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Turnbull storms Paris with NBN’s doom

Killing the Australian network at long distance

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In the midst of a blitzkrieg tour through Germany, Paris and the UK seeking tête-à-tête meetings with some of Europe’s leading telco brains trust including Ofcom, Australia’s shadow communications Minister Malcolm Turnbull delivered a typically caustic attack on Australia’s NBN project to a packed Broadband World Forum in Paris, yesterday.

Leaving no doubt in the minds of the international telco elite that Australia was building “the most expensive, most anti-competitive broadband network in the world,” Turnbull provided a dire flipside to the keynote delivered in the same spot a year ago by NBN Co chief Mike Quigley.

Sandwiched between fellow session speakers Google’s GM Access Ken Lo – advocating the ‘build it and they will come’ business model for Google’s foray into gigabit fibre deployment in Kansas – and BitTorrent CEO Eric Klinker, Turnbull provided a wry spray on state owned infrastructure project.

Quipping that he had yet to visit Pyongyang but imagined that “our approach would be viewed very favourably,” the shadow minister depicted a bleak picture of the future of competitive Australian fixed telecommunications.

“It is very uncomfortable, as an Australian, to sit with telecoms executives and officials in China and be told that the NBN approach would not find favour in their country because ‘in China we are seeking to promote competition in telecommunications infrastructure,’” he said.

Arguing that the NBN had effectively provided the death blow to facilities-based competition he warned the global audience, “clearly starry-eyed politicians and staggeringly expensive technology are a dangerous mix. The current Australian government’s approach to NBN shows that a blind pursuit of superfast broadband at any cost can lead you to some very anomalous policy outcomes.”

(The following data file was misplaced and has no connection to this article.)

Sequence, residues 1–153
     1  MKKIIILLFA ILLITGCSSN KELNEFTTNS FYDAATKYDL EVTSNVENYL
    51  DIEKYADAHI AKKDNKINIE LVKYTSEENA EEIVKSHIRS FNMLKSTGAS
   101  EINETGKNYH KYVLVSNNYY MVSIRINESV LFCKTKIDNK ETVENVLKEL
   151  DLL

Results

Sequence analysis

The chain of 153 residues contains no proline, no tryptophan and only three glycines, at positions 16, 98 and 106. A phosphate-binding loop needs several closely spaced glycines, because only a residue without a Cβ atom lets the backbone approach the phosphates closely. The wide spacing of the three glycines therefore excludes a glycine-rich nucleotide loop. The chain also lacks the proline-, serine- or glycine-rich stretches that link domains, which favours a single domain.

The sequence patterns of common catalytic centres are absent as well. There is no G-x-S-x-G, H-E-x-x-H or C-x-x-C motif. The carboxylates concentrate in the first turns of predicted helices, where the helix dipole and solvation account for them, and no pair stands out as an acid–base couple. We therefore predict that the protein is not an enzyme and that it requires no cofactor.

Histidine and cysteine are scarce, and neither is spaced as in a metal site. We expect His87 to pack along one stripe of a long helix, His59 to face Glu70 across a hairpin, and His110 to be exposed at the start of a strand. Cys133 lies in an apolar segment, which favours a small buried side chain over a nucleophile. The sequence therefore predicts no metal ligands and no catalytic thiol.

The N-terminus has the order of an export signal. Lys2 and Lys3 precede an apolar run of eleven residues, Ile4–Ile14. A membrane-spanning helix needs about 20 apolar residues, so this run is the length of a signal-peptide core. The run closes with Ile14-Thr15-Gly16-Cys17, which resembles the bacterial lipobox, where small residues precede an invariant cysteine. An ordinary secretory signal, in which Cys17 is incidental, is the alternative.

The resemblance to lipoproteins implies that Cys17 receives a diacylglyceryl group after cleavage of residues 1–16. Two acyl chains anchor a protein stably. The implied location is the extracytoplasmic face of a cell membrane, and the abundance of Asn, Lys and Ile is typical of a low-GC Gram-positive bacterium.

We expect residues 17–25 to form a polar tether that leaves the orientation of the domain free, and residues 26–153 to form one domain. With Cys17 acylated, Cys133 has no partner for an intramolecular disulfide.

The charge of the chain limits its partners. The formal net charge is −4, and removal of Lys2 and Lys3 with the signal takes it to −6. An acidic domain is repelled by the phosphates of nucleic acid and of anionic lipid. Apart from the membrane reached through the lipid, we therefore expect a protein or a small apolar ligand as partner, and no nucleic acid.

Reviving the issue if FTTH vs FTTN, Turbull said that this would be a key issue for a new Liberal government. “The best estimates in Australia have been that FTTH will cost, in brownfield areas, between three and four times as much as a FTTN deployment,” he said. He added that a revised broadband policy should ensure that not only is there ubiquitous access to broadband but at an affordable price.

“I regret to say that Australia’s NBN offers no prospect of cheaper access to broadband. As a heavily capitalised, Government owned monopoly the NBN has both the incentive and the means to charge high prices,” he said.

He added in Q&A that “you can’t suspend the laws of economics, if you have a monopoly-particularly if it belongs to the government and its over capitilised- that is not going to lead to cheaper prices.”

He added, “if it doesn’t get high revenues it is the auditors job to force the government to take a haircut and that will go through to the budget. Every element of it is about higher prices.”

Contextualising the Australian government’s perceived faux pas he said that as the cost of the NBN is substantially more than Telstra’s valuation, the government could have effectively bought all of Telstra back and had a national wireless network a few more assets in there as well.”

Turnbull said, that in the absence of reversing the project, his mandate was to achieve an outcome “where facilities based competition is restored and enabled, not prohibited and where the provision of network services is undertaken by the private sector, not the government. Our approach will be technology agnostic.” ®

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